How disabled people are ‘viewed’ relates directly to how they are treated. It centres upon what is understood by ‘disability’ and where it is located. This is why he links the encountered disadvantages and their supporting ideologies as being in a dialectical relationship. In other blogs in this series I will seek to explore disadvantages and their supporting ideologies and in the final blog consider what might constitute ‘the dialectics of disability’. By ‘disadvantages and their supporting ideologies’, I am referring to the contradictions, conflicts and tensions involved in disabled people’s struggle for emancipation. Vic Finkelstein once wrote:
“…. I believe that we cannot understand or deal with disability without dealing with the essential nature of society itself. To do this disabled people must find ways of engaging in the class struggle where the historical direction of society is fought, won or lost. It is in this arena that the boundaries of knowledge that have put disabled people aside from the ‘normal’ can and have to be openly questioned. For me repossessing the social model of disability means searching for openings in the structures of society where we might effectively contribute with others in the restructuring of society so that it is neither competitive nor disabling for all people.” (26)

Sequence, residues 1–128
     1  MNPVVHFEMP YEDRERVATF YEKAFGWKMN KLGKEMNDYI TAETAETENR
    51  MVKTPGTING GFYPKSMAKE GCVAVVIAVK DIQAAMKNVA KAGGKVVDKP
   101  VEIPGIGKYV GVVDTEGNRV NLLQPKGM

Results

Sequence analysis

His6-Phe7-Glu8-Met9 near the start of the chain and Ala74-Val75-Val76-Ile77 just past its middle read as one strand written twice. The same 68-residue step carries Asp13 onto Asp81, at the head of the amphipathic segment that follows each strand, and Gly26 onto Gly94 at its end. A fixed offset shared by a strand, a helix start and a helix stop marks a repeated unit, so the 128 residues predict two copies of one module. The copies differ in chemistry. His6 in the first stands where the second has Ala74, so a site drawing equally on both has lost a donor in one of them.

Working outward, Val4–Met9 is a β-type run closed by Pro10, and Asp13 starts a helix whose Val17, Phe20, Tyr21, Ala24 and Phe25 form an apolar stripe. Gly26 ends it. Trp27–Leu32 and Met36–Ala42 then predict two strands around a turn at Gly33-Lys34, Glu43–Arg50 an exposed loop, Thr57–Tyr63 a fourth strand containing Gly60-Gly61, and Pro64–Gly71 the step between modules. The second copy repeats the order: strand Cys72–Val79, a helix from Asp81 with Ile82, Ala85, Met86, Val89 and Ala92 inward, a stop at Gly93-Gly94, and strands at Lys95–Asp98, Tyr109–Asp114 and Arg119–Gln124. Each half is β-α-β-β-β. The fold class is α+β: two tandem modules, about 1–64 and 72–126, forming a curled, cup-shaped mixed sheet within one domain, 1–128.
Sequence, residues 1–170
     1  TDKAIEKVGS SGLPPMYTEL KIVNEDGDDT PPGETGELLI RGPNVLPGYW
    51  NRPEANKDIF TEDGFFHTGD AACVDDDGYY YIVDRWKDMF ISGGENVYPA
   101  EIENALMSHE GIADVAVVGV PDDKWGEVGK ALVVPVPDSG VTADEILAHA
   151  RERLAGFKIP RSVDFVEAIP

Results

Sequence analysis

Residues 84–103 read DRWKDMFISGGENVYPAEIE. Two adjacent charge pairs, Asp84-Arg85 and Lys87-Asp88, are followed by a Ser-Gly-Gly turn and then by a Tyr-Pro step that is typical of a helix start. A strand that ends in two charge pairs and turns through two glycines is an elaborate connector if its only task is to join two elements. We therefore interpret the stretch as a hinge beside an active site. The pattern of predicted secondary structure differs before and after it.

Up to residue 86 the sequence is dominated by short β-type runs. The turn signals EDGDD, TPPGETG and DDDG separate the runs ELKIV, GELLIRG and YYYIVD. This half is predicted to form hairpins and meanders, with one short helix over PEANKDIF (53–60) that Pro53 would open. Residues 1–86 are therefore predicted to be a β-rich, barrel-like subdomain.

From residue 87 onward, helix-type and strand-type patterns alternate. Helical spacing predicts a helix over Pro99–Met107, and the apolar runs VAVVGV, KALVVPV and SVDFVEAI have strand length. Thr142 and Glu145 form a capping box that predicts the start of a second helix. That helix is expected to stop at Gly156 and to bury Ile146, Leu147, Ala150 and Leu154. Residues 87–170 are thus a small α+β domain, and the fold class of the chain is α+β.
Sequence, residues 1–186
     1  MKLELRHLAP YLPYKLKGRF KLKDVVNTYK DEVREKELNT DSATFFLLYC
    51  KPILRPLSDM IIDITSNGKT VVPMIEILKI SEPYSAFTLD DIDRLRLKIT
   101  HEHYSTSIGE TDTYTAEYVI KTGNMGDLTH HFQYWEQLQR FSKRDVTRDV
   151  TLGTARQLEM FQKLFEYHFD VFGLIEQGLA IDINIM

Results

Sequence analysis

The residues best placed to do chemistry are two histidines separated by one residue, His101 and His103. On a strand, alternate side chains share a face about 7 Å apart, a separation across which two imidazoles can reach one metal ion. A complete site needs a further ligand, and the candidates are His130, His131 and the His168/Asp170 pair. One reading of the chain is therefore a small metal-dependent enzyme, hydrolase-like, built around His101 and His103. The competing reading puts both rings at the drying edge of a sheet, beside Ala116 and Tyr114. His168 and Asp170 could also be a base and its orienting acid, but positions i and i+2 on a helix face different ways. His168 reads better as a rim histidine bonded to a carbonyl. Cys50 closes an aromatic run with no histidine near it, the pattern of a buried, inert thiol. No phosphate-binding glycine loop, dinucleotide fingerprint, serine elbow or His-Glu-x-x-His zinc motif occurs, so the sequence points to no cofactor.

This assertion, ‘we cannot understand or deal with disability without dealing with the essential nature of society itself’, is at the heart of the dialectics of disability, the emancipation struggle and the driving force behind A4I’s vision, but most crucially, it is a means by which disabled people can have engagement within the class struggle. Why speak of dialectics?
“Marx saw the dialectics in human history as a struggle between different social classes. Sure there were ideas – but these were reflections of material realities.
He took key dialectical concepts and applied them in new ways. …. Marx explained how feudalism or capitalism could initially take humanity forward but would then be constrained by their own inner contradictions.
When the social structure of a society could no longer grow the ‘productive forces’, it was time to break with that society. The ruling class as the thesis would be confronted by a highly disgruntled antithesis in the form of the exploited class. And the resulting clash would create a new synthesis – that in turn would be challenged at some point.’ (27)
I would argue both disablement and disablism are social products within this struggle.
The conflict between the individual tragedy and social models of disability are a reflection of this antagonism and as a consequence this reveals a series of contradictions which impact upon disabled people’s lived experiences.